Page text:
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1 review, 3 user ratings

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Skellig: The Owl Man
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by brianorndorf

"Tim Roth's Wings"
2 stars

I decided to review the English family film, “Skellig: The Owl Man,” because the name Annabel Jankel caught my eye. Perhaps best known as co-creator of ‘80’s icon “Max Headroom,” Jankel is more infamous for the last motion picture she co-directed: 1993’s soul-flattening bomb, “Super Mario Bros.” That’s quite a legacy to leave behind, with “Skellig” representing the filmmaker’s baby steps back into the industry. It’s been a long time since Jankel made a movie, and “Skellig” suggests the return wasn’t worth the wait.

A socially awkward pre-teen, Michael (Bill Milner) is forced to deal with relocation when his father (John Simm) and pregnant mother (Kelly Macdonald) purchase a dilapidated house to fix up for their growing family. Investigating the back yard, Michael uncovers a monster-like creature named Skellig (Tim Roth), who’s taken up residence inside a crumbling cottage. Hoping to help Skellig with his need for beer and Chinese food, Michael finds an outlet for his frustrations, caring for a mysterious, cantankerous man who appears to be calcifying before his eyes. Difficulties soon intensify for Michael with the birth of his baby sister, who’s come into the world with severe medical problems. Witnessing Skellig’s otherworldly gifts of healing, the boy urges his reluctant companion to regain his strength and save this critical life.

As a film critic, I’ve grown accustomed to seeing scores of family films every year, all with a distinct inclination to maintain a sunny disposition, out of fear of losing the fragile sense of concentration from the core demographic. “Skellig,” based on the award-winning novel by David Almond, isn’t a cheery picture in the least. In fact, it’s downright glum, keeping the characters in a constant state of distress, often through horrifying medical revelations pertaining to Michael’s infant sister. I’m all for melancholy films of pure emotional release, but this feature misfires greatly, mistaking misery for resonance. The feature feels like a burden, not encouraging catharsis.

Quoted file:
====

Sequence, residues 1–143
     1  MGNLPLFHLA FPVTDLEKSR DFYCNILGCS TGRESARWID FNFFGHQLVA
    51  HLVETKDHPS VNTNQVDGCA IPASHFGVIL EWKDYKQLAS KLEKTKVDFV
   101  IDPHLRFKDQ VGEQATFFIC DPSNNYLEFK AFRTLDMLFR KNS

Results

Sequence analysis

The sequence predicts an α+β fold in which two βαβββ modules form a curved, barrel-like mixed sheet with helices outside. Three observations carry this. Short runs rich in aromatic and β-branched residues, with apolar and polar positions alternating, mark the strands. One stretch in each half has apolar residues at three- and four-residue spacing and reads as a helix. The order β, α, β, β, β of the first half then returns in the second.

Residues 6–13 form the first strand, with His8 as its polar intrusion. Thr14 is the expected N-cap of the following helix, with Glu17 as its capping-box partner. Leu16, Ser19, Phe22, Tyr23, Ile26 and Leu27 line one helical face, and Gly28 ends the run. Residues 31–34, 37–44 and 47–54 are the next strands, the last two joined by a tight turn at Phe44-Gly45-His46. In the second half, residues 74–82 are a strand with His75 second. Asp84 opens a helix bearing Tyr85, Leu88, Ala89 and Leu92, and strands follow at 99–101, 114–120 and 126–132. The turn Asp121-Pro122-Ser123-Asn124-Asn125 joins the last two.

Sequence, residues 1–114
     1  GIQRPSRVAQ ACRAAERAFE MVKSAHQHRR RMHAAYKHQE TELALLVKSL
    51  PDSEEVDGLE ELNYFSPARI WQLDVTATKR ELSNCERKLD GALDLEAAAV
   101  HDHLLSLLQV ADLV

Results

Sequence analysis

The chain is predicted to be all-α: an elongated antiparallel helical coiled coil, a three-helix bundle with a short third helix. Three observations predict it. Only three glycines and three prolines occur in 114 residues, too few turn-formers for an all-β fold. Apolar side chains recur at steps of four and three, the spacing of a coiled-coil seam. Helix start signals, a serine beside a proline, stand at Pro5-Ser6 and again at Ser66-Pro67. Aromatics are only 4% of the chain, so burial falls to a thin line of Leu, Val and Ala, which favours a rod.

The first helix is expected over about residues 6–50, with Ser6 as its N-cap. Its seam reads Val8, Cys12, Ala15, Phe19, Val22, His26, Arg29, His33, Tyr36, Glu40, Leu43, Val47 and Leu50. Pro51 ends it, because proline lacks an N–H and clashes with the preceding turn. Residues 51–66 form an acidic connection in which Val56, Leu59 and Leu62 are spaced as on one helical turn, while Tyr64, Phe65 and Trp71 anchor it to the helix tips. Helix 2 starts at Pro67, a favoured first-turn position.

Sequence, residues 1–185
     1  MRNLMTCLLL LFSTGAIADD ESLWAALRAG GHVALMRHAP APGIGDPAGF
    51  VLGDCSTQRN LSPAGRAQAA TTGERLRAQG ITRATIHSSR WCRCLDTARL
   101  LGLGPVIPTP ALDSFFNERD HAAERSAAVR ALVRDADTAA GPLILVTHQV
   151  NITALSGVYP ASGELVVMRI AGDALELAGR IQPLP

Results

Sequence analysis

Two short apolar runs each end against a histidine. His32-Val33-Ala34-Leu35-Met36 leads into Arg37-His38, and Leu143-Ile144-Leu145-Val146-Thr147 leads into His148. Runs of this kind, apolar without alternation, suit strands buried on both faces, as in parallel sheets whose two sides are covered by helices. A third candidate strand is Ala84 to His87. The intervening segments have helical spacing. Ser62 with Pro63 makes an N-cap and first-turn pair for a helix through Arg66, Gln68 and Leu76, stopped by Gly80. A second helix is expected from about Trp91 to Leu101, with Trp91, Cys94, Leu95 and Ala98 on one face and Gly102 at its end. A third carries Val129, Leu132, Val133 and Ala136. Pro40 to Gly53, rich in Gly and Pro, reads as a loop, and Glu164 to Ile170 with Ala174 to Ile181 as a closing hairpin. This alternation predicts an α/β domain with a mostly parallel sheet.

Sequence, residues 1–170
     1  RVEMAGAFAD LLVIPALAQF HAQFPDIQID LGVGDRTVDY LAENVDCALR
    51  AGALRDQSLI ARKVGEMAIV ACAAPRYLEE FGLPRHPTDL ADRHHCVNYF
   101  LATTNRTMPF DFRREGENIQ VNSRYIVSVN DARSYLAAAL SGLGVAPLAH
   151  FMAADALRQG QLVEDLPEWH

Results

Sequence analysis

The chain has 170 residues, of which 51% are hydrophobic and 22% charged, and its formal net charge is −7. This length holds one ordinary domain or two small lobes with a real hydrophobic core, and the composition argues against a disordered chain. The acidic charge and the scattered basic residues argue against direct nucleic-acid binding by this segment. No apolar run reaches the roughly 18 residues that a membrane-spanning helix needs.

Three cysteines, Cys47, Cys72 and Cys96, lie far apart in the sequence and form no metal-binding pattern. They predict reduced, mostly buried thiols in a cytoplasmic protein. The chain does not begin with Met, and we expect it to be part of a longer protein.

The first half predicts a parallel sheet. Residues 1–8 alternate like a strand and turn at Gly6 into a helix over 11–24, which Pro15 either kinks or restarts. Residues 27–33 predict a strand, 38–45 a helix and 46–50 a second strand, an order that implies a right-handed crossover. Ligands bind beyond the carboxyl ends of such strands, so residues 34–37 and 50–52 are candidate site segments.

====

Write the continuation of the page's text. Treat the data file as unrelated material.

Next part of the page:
Jankel (credited here as “A.J. Jankel”) mopes around the tale, pulling reasonable performances from her capable cast (young Milner is quite gifted, and there’s always room for Macdonald’s tender Scottish allure), but failing to thread together a concrete reason as to why Skellig is an important character. He’s an enigma with wings, possibly born from the graces of Heaven, but uniquely tied to an earthbound community of bugs, with a taste for takeout. Roth plays the character as he plays most characters: grumbly, with a special unwashed, slithery appeal. There’s just no charisma emanating from Skellig, making Michael’s devotion bewildering. It’s difficult to buy what goes on in the story, which, for a fantasy film of winged desire, is death.

Jankel keeps serving up joylessness while sniffing around intriguing suggestions of evolution as a way of explaining Skellig’s true identity. Unfortunately, the filmmaker would rather stay within the comfort of domestic melodrama, which reduces the picture’s ultimate act of mystery, passing on the profound appearance of the titular character to cry over dying babies. Even though I haven’t had the honor of reading his book, I’m fairly sure Almond deserves an apology for this film.

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originally posted: 10/01/10 22:51:45
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User Comments

7/11/12 Anonymous Truly, one of the best movies I've ever seen! 5 stars
11/18/10 joey johnson Rented for $1.00 and was kinda good. 3 stars
10/06/10 Mal O'Brien I thought it was better than average,I enjoyedit! 4 stars
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  N/A (PG)
  DVD: 24-Aug-2010



Directed by
  A.J. Jankel

Written by
  Irena Brignull

  Tim Roth
  Bill Milner
  Kelly MacDonald
  John Simm

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